The Flash - The Return of Barry AllenWidely considered to be one of the best Flash stories ever, Barry Allen returned in 1993 to pick up where he left off, only he comes back… different. Wally West (who picked up the Flash mantle from Barry after his death in Crisis) notices that Barry isn’t acting like quite like himself, eventually discovering the faux Barry’s true identity in a phenomenal story twist. The Return of Barry Allen made Mark Waid one of the most important creators to ever work on the character. Not only did it explore the character and legacy of Barry Allen in a really interesting way, but was also the moment when Wally stopped feeling like a placeholder, and truly became the Flash.



FULL THROTTLE (writer – Marc Guggenheim, artist – Tony Daniel)

THe Flash - Full ThrottleAnd so, the Flash legacy continued as the scarlet mantle was eventually passed from Wally West to Bart Allen, Barry’s grandson from the future. Bart had disappeared (along with Wally) during Infinite Crisis (these Flashes and their crises, huh?), but when he returned he begrudgingly took over as the Flash in a short-lived series that ended with his death. Full Throttle does a great job of raising the stakes and drama, making it feel like it’s sprinting toward the end. The final issue especially is filled with all of the gravitas you would want in the tragic death of such a young character. Drawn by DC Comics regular artist Tony Daniel (fresh off a lengthy run on Teen Titans at the time), Bart Allen’s final moments are made particularly heroic, from the fistpumping action to his eyewelling death.


REBIRTH (writer – Geoff Johns, artist – Ethan Van Sciver)

The Flash RebirthThe Flash writer/producer Geoff Johns is neck and neck with Mark Waid for the best run on the character ever, and I highly recommend you read all of it (now available in omnibus form). But it was in 2009’s The Flash: Rebirth mini-series that Johns took a second go at the Flash legacy with artist Ethan Van Sciver, reintroducing silver age staple Barry Allen to modern audiences with the same panache they brought to Green Lantern: Rebirth five years previously. Barry officially returned in Final Crisis (there’s that word again), but it was with Rebirth that Barry found his place in the modern DC Universe. Johns adds a wrinkle to Barry’s origin, retconning a new level of tragedy to the character. Despite it becoming the start of a new series starring Barry, it now reads like the swan song to the original Flash family of characters just before the DCU moved on to something… New.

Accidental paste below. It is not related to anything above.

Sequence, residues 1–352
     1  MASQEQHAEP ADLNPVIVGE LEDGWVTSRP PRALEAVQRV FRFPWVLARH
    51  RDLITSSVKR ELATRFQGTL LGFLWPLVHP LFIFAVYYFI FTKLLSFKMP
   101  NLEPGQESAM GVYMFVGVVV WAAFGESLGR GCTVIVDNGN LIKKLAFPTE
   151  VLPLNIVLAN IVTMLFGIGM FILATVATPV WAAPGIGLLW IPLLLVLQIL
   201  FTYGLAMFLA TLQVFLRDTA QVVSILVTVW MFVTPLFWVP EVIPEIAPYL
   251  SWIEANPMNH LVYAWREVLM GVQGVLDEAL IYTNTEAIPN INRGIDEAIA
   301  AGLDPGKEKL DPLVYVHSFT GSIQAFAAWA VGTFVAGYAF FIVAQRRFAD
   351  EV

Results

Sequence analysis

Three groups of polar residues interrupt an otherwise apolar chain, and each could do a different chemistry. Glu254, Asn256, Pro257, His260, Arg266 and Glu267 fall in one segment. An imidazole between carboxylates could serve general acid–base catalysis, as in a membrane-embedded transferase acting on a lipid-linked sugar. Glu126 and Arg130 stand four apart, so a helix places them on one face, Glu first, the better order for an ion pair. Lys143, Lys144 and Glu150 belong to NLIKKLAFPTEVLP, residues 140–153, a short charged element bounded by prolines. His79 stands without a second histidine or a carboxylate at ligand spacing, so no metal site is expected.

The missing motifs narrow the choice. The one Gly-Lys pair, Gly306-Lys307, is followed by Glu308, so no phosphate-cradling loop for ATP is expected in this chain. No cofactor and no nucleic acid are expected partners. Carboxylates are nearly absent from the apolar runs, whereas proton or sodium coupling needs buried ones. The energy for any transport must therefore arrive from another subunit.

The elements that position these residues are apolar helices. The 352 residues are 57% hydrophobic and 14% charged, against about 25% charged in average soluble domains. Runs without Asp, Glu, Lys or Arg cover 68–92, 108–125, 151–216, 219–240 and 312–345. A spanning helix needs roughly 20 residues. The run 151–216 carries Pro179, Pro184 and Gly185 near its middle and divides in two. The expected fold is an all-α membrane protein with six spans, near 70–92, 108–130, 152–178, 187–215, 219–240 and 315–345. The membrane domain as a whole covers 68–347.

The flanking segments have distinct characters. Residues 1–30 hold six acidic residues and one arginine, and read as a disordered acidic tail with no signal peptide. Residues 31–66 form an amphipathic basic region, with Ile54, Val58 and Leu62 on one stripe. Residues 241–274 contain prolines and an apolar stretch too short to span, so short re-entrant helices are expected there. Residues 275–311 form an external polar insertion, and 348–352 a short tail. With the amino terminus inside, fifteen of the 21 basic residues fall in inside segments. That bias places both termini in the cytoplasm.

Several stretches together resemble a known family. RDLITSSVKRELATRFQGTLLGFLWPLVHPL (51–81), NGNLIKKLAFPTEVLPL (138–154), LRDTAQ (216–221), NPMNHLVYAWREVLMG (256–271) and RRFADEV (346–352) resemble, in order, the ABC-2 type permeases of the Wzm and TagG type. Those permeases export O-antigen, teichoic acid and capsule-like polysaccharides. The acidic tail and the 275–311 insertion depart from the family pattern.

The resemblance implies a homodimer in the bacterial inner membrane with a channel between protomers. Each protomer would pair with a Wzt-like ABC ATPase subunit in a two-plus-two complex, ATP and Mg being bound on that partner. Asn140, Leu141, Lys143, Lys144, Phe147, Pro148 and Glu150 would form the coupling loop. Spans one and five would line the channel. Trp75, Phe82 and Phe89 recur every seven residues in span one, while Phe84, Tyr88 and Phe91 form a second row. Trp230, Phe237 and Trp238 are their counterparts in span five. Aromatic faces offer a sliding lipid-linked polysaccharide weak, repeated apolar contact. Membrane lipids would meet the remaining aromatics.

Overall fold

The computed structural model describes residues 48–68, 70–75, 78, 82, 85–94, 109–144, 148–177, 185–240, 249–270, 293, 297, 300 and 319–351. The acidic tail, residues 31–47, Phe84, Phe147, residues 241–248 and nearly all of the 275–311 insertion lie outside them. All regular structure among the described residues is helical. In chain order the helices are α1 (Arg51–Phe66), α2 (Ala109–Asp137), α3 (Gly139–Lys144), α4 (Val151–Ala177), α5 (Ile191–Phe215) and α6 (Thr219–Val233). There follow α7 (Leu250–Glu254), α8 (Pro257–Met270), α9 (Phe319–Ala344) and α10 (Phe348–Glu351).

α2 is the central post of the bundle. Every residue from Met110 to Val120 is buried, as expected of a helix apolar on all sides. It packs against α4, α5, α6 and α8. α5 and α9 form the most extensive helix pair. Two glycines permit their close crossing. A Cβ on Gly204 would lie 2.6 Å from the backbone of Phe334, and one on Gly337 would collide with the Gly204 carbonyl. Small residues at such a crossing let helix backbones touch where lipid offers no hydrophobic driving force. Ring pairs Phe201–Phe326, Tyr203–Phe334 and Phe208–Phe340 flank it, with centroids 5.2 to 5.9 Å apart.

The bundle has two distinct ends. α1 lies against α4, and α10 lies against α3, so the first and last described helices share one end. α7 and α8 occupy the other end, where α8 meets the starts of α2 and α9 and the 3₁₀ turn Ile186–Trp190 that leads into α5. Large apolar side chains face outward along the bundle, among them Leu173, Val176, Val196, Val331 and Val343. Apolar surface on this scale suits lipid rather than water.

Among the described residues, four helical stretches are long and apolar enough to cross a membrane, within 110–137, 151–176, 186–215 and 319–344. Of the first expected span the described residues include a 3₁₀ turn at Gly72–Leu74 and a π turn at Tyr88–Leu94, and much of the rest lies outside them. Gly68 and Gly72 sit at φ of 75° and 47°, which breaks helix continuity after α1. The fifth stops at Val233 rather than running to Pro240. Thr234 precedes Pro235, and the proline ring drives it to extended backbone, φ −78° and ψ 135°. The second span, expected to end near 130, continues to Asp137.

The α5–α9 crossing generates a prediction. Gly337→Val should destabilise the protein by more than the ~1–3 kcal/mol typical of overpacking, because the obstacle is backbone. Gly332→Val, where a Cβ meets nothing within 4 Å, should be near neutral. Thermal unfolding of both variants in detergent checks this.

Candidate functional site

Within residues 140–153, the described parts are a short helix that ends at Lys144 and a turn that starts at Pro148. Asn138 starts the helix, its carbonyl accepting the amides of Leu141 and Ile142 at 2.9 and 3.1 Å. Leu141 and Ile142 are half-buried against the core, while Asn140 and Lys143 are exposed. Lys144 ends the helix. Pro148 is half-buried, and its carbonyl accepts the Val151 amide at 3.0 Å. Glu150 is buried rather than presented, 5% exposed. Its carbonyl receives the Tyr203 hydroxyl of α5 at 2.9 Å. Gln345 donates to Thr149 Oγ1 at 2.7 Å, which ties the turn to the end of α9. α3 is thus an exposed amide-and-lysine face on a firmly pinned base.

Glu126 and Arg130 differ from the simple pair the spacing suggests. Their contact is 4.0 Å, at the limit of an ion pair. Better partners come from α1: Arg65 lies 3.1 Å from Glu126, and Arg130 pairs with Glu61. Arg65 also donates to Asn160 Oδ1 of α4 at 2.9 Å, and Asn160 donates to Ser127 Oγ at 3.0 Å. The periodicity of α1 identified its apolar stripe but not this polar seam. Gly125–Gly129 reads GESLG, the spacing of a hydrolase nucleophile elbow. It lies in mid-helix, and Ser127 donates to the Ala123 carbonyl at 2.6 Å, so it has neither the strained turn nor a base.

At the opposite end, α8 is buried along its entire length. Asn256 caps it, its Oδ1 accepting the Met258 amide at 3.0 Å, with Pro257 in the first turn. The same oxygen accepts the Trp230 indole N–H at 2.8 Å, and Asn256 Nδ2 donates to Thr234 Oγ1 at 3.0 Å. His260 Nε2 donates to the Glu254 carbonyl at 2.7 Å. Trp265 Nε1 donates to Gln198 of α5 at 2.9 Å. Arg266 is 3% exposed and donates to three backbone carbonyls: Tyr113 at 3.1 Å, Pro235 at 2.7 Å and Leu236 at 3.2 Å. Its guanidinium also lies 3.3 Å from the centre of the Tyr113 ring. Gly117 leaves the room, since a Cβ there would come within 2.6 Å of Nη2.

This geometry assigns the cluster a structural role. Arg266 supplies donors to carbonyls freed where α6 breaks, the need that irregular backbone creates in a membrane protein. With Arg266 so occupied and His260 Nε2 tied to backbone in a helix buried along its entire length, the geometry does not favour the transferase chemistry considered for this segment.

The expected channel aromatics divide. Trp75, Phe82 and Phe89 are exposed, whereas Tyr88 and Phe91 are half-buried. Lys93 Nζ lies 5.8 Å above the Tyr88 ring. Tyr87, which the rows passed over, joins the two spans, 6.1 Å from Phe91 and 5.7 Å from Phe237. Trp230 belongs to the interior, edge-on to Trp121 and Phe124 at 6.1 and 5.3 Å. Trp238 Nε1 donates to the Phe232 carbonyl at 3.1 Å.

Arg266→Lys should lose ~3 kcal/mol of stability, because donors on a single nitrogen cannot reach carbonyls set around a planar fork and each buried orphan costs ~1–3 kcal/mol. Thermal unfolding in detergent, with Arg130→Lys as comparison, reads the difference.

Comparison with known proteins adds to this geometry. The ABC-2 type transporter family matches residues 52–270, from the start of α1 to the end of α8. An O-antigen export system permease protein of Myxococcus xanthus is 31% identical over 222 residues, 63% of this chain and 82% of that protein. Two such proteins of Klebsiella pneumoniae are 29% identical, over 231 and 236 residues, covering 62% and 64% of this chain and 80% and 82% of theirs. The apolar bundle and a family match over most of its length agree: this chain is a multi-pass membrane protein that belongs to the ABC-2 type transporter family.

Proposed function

MOVE FORWARD (writers – Francis Manapul & Brian Buccellato, artist – Francis Manapul)

FLSMF_DJ.inddAnd then in 2011, the DC Universe was rebooted to become the “New 52” and The Flash was started over (mostly) from scratch. Creative team Francis Manapul and Brian Buccellato took over the title and gave us stories featuring a young twenty-something Barry, struggling to balance his personal and professional life with his life as the Flash in a way that recalls early era Spider-Man. It also features some of the most beautifully rendered action sequences you’ll ever lay your eyes on from artist Francis Manapul, who puts a Will Eisner-esque spin to every page. This is a great place to start with the character, and seems to be inspiring the new CW series more than a little bit.


The Flash has been around in one form or another for nearly three quarters of a century, so what are some of your favorites?